Impact of Maternal Separation on Dopamine System and its Association with Parkinson's Disease

AbstractAs a type of stress, maternal separation (MS) has been one of the most widely used models in neuropsychiatric research. An increasing number of studies has found that MS not only affects the function of the hypothalamic –pituitary–adrenal axis and hippocampal 5-hydroxytryptamine system, but also causes dysfunction of the central dopamine (DA) system and increases the susceptibility of dopaminergic neurons to pathogenic factors of Parkinson's disease (PD), for instance, 6-hydroxydopamine, thus impairing motor fu nction. We reviewed the impact of MS on the DA system and its correlation with PD and found the following: (1) discrepant effects of MS on the DA system have been reported; (2) MS is a good model to study the impact of stress on the occurrence and development of PD, however, unified modeling criteri a of MS are required; (3) correlation between MS and PD may involve the impact of MS on the DA system, which however is not the only connection; (4) intervening measures can block pathways between MS and PD, which provides reference for the prevention of PD in specific populations such as left-behin d children.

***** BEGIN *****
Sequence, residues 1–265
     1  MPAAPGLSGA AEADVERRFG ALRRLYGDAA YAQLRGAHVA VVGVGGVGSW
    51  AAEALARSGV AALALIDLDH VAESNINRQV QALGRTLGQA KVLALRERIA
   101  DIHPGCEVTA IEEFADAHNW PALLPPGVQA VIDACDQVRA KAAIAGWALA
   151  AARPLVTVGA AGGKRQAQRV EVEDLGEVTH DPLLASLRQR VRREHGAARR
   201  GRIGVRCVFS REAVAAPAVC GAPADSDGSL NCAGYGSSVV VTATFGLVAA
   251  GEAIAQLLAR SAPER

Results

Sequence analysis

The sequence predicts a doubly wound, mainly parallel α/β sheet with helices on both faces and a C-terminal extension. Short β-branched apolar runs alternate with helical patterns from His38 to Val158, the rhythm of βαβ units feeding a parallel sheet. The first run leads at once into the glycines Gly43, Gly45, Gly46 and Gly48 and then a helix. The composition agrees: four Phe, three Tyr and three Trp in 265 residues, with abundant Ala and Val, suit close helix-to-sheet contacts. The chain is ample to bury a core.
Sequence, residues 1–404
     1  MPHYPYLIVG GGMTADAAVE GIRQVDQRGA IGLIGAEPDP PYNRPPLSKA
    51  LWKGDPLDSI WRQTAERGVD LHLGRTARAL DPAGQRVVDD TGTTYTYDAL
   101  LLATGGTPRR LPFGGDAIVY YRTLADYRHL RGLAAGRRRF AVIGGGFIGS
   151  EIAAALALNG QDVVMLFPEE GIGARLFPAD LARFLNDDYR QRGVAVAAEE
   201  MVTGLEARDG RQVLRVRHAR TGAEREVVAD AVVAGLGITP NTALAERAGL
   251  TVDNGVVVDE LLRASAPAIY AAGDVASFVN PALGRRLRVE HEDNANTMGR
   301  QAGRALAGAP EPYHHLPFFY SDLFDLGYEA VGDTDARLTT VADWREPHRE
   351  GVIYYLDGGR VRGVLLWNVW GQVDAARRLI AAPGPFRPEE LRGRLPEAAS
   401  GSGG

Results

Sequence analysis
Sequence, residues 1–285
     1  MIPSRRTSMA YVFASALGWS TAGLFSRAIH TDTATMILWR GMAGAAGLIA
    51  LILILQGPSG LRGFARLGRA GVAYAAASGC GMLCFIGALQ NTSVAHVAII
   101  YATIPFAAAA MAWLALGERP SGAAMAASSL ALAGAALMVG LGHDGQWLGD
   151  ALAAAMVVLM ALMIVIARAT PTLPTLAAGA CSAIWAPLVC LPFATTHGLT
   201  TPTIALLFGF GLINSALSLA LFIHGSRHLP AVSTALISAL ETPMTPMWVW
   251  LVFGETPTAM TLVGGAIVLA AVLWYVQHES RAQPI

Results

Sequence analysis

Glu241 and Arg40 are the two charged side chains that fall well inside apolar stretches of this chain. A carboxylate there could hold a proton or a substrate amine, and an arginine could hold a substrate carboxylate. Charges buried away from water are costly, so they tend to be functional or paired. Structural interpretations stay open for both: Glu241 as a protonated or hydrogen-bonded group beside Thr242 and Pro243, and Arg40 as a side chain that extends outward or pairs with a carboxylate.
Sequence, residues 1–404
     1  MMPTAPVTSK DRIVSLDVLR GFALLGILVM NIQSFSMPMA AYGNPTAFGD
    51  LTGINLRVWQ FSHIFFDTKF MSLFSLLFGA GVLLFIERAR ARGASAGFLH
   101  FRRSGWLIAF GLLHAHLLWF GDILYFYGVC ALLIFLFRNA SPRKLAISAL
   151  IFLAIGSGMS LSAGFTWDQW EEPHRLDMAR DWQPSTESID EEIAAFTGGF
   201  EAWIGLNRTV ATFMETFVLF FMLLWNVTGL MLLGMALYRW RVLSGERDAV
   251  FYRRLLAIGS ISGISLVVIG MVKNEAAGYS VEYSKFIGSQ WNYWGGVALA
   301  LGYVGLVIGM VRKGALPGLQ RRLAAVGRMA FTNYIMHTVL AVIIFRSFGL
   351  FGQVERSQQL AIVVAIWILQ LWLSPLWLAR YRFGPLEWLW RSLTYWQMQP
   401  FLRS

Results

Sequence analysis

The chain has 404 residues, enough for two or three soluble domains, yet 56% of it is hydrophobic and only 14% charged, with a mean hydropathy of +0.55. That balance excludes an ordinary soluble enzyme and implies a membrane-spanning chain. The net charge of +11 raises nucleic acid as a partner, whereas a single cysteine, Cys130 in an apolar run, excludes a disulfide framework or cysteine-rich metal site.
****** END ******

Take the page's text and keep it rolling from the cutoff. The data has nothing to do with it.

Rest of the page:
Source: NeuroMolecular Medicine - Category: Neurology Source Type: research

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Source: The Journal of Heart and Lung Transplantation - Category: Transplant Surgery Authors: Tags: (151) Source Type: research
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Source: ClinicalTrials.gov - Category: Research Source Type: clinical trials
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Source: Stem Cell Research - Category: Stem Cells Source Type: research
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Source: eLife - Category: Biomedical Science Tags: Structural Biology and Molecular Biophysics Source Type: research
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Source: Frontiers in Neurology - Category: Neurology Source Type: research
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